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Persistent Articulation Errors and Down Syndrome: Should Therapy Continue?

Bonnie Lisbona, M.A.,CCC-SLP

April 3, 2006

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Question

I am working with a child with Down syndrome who is presently in the 7th grade. This child has a fluctuating hearing loss and is unaided at this time. The child has persistent articulation errors on the s, z, sh, ch, and j phonemes. I did not write goals

Answer

Hearing Issues must be addressed first:

Typically, we know that 60-85% of individuals with Down Syndrome have some level of a hearing loss. Even a mild loss can have an effect on articulation training. You mention it is fluctuating, which makes me conclude it is a conductive loss, however, we first need to determine whether there is a sensori-neural component as well.

Individuals with Down Syndrome are at an increased risk for otolaryngological and audiologic disorders. These otolaryngologic concerns may include narrow ear canals that can become blocked with cerumen, frequent recurrent otitis media with middle ear fluid (which results in fluctuating loss') tympanic membrane dysfunction, etc. In addition, upper respiratory, ear, nose and throat infections can all be compounding factors as well. Therefore, the most important issue to address for this young man is.... what is the current status of his hearing and are there medical intervention strategies that can be discussed with his parents to eliminate this intermittent hearing problems. The family needs to see an otolaryngologist first and determine if this issue can be resolved. If this can be managed successfully, I would attempt articulation training.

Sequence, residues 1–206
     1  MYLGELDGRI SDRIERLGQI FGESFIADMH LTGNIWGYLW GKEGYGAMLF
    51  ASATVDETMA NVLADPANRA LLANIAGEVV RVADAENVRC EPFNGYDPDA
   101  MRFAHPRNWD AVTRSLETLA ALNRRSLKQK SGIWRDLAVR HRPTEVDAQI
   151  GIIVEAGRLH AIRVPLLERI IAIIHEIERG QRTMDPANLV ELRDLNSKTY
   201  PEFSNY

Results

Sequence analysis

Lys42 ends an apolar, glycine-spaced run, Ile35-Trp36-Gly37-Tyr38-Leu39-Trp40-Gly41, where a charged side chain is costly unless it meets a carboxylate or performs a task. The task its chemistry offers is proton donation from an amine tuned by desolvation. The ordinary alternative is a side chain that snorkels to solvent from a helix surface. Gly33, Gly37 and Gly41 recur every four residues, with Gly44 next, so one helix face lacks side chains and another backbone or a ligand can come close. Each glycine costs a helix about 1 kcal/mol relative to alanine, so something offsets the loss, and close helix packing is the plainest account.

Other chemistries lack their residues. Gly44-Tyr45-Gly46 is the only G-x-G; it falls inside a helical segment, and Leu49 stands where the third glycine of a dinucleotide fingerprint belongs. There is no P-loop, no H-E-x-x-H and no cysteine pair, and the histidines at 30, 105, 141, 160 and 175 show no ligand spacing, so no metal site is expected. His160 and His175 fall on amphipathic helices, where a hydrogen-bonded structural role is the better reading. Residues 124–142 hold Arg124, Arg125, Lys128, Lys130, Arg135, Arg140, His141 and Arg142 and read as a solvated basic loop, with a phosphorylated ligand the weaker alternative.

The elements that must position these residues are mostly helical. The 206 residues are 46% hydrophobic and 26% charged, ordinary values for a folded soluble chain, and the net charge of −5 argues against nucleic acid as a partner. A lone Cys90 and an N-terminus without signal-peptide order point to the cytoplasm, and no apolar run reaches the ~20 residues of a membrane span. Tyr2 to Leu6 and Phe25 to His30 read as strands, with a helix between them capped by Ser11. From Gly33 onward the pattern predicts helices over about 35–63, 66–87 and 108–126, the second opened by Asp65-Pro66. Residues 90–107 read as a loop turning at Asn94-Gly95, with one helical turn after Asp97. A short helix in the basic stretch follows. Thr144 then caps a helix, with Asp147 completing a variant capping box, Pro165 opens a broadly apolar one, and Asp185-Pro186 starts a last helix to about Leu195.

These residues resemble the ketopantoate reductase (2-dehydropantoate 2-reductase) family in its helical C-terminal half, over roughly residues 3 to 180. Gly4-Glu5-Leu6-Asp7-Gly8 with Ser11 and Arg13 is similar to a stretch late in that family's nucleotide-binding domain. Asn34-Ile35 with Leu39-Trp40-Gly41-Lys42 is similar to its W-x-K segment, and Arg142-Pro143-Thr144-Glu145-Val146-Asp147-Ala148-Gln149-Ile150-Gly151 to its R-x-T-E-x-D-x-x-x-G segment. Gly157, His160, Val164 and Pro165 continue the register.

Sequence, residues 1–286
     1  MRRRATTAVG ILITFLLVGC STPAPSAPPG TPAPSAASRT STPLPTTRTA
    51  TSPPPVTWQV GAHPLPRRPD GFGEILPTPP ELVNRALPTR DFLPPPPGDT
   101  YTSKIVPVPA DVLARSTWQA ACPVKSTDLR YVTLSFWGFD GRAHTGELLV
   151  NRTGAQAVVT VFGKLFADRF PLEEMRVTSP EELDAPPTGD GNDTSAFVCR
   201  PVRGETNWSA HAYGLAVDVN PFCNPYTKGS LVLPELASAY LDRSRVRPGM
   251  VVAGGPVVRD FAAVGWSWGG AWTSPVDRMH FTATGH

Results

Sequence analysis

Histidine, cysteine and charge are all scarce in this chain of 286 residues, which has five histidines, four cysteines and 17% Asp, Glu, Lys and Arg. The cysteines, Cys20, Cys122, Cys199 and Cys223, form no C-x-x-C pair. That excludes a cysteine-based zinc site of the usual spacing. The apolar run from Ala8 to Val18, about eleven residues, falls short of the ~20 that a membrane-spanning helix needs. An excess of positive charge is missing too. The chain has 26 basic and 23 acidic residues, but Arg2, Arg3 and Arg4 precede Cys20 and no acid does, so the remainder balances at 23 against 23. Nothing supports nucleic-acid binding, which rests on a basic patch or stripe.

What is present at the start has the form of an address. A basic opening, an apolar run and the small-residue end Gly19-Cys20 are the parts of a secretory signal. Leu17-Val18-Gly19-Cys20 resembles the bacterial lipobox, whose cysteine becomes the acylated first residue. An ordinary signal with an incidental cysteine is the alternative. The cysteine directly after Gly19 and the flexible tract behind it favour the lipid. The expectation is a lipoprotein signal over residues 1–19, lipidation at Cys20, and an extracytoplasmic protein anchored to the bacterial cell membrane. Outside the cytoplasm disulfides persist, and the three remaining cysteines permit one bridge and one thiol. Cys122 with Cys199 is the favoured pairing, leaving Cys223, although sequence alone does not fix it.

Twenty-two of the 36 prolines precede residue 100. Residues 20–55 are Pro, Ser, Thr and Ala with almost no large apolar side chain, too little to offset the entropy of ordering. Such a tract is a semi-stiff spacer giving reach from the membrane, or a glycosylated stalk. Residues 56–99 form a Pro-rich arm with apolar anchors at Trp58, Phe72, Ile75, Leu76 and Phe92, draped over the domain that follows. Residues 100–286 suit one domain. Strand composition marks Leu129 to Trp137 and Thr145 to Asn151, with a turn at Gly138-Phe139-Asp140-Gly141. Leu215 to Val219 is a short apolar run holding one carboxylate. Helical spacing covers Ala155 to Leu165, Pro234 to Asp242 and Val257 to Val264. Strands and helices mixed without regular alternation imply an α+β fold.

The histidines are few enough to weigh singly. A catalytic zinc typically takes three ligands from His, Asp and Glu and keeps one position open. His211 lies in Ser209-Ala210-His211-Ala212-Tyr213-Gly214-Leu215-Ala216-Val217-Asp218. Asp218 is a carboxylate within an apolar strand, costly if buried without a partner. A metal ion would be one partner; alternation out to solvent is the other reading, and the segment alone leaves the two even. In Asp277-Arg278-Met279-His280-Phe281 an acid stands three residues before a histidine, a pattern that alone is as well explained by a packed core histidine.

Articulatory Issues specific to individuals with Downs Syndrome

He is having difficulties with the lingua-alveolar strident and palatal sounds which tend to be more difficult for individuals with Down Syndrome. Factors that need to be considered include:

  • Is there good postural alignment of the body (is there hypotonia)

  • Is there good jaw-tongue separation for independent movement of the tongue

  • How is his tone in the lips, face and tongue
There are progression therapy techniques that can facilitate jaw stability, grooving of the tongue and lifting of the tongue tip along and with improving of the respiration/breath support. Treatment is possible and with the parents support and carryover of specific techniques it is feasible to work on these issues. A phonological approach may be very useful, as these are the most persistent errors we see in the older child with DS.

Additional Information that is needed:

I hate to answer a question with more questions, but there is more information that is needed to make an appropriate decision by looking at the big picture.
  • Is this young man motivated to work on these issues?

  • You mention "unaided" at this time. Does he have a hearing aid?

  • Has he worked on these sounds previously?
Concluding Thoughts:
  1. Hearing must be addressed first, or you will not be able to be successful.

  2. If hearing is no longer an issue and is resolved I would attempt progression therapy techniques: movement and positioning techniques to strengthen muscle tone and postural stability (speak with OT/PT); respiration and breath control techniques, body positioning and oral motor stimulation and speech strategies.

  3. One other issue to be aware of: Many of our older children with DS will also have auditory processing and language processing issues, especially when they have had fluctuating hearing loss throughout their lives. Visual supports and multi-sensory teaching strategies should also be incorporated as part of his learning experiences, in the classroom and in the treatment environments.
Bonnie Lisbona, M.A., CCC-SLP, has 25 years experience as a speech language pathologist, with emphasis on serving individuals with developmental disabilities. She is the owner of a company which services habilitative supports to adults with developmental disabilities.


bonnie lisbona

Bonnie Lisbona, M.A.,CCC-SLP


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